When the State offered the testimony of Officer Perry Caskey concerning the use of a police canine (Dolf) to track the perpetrator, defendant objected. Following voir dire, the trial court made extensive findings of fact as to Officer Caskey's training in handling canines and as to Dolf's characteristics and training in tracking individuals. The trial court found inter alia that Dolf “is a dog that is used for tracking,” and he “has demonstated an ability to differentiate between human scent through his training in what is called cross tracking, . . . and the dog has been successful differentiating the different tracks of the two people involved” in testing. Dolf “has had twenty successful trackings . . . since being certified, and more than twenty-five in his original training.” The dog has been successfully tested tracking scent that is two hours old. Dolf was put on the trail where the victim indicated that “she had last seen the individual who took her purse.” The trial court found Dolf “tracked hard” and did not lose the track from the grassy area until its end on “Main Street, Monroe, in front of Efird's Monument and started circling or spinning.” This was the place where the defendant got into Officer Plyler's car. The trial court concluded that Dolf:
        is of a stock characterized by acuteness of scene [sic] and power of discrimination. That the dog was accustomed to and trained in pursuit of the human track. That the dog hasbeen found by experience to be reliable in such pursuit.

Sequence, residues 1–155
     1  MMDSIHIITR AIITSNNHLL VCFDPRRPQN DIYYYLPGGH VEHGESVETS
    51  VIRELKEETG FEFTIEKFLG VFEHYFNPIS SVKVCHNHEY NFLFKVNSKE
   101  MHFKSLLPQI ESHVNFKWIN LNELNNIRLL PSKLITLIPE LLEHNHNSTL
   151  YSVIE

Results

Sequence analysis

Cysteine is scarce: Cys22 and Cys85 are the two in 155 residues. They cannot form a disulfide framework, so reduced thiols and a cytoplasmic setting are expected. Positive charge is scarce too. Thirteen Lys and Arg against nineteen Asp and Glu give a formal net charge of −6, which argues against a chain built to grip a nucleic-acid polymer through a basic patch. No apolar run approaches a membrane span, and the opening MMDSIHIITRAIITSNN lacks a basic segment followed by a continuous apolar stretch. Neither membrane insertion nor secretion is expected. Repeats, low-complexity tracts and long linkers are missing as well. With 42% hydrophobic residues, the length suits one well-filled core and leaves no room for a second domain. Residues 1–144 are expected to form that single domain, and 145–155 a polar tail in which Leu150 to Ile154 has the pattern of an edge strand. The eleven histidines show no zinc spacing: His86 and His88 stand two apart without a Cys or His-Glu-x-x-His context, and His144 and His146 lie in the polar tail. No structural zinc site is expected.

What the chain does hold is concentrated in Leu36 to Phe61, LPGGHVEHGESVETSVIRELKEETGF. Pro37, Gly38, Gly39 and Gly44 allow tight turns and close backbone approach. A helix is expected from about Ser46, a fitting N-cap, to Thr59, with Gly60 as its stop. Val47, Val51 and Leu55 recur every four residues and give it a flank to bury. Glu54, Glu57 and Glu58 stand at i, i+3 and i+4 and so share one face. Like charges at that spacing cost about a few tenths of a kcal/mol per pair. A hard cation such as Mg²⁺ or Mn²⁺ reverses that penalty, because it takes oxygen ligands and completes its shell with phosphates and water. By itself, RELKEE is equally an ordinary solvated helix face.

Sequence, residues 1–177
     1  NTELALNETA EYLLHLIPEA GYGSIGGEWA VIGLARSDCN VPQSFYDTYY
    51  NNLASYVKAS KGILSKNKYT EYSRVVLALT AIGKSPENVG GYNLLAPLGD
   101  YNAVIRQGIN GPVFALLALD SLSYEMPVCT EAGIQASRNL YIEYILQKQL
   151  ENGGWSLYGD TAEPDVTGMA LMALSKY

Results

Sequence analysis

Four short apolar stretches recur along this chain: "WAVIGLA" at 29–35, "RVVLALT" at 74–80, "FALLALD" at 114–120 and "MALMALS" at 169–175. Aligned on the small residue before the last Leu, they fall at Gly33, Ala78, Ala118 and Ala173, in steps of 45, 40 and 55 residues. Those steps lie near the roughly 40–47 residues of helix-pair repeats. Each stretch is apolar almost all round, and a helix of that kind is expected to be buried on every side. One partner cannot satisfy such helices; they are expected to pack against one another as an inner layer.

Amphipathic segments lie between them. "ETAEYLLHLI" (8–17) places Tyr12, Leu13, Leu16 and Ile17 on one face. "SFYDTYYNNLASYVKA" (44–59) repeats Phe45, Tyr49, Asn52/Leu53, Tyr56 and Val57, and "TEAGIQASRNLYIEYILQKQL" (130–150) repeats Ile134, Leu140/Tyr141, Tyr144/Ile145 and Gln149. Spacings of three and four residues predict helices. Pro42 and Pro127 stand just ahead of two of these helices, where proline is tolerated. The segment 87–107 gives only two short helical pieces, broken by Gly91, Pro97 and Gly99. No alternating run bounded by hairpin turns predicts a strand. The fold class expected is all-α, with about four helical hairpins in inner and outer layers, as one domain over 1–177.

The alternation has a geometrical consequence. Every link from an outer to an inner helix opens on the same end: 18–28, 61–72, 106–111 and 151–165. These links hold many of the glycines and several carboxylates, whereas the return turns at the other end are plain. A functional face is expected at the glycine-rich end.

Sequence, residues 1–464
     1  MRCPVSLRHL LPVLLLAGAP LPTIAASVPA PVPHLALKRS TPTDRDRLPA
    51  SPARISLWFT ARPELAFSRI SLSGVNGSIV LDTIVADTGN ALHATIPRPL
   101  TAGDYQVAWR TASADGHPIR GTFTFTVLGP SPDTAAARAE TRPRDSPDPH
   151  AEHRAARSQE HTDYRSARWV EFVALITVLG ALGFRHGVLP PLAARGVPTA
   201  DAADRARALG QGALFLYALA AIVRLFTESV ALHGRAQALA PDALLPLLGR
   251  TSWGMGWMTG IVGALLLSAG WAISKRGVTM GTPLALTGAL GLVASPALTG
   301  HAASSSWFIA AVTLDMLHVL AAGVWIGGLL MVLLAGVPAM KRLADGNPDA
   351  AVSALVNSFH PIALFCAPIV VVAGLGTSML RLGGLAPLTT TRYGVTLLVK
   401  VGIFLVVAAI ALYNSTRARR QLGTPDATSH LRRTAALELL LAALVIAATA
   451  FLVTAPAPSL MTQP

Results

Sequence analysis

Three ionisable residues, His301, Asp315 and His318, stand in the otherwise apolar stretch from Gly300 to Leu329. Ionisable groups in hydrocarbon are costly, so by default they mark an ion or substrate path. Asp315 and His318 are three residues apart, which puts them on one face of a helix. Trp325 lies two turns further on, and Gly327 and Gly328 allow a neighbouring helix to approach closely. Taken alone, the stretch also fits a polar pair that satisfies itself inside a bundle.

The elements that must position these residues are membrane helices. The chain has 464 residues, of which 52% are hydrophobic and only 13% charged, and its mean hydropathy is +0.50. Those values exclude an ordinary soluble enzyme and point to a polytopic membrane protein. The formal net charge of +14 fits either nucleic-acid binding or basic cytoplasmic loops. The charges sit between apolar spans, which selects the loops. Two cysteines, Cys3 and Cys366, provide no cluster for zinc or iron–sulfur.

In this case the dog was put on the trail of the defendant. The trail was followed under circumstances that offer substantial assurance or permit a reasonable inference of implication.

            It is, therefore, ordered that the defendant's objection to the evidence of tracking by Dolf, the Belgium Malinois, is overruled, and the evidence is competent in the trial of this case.

    Officer Caskey then testified before the jury as to his training and also as to Dolf's training. At the parking lot, Officer Caskey asked the victim to point out the last place which she saw the perpetrator go, and she indicated a grassy area beside the church. The victim advised Officer Caskey that no one had been through the grassy area since the perpetrator ran through it.
    Officer Caskey went to the grassy area and told Dolf to pick up the track. Dolf then “hunkered down, kept his nose down, his tail curled up” and pulled hard on his leash, which Officer Caskey described as behavior consistent with how Dolf acted while following a track. Officer Caskey stated Dolf “tracked real hard,” and he described the route taken by Dolf from the grassy area to Main Street. Dolf began spinning around Officer Caskey when they were in front of Efird's Monuments on Main Street. Officer Caskey described Dolf's spinning behavior as consistent with when a track has ended because the person being tracked had gotten into a car.
    Officer Plyler discovered a purse, a blue toboggan, and a small cell phone about fifteen feet off of the track followed by Dolf. The victim identified the purse and its contents asbelonging to her. Officer Pressley testified the blue toboggan was the same one which he had seen defendant wearing earlier that day.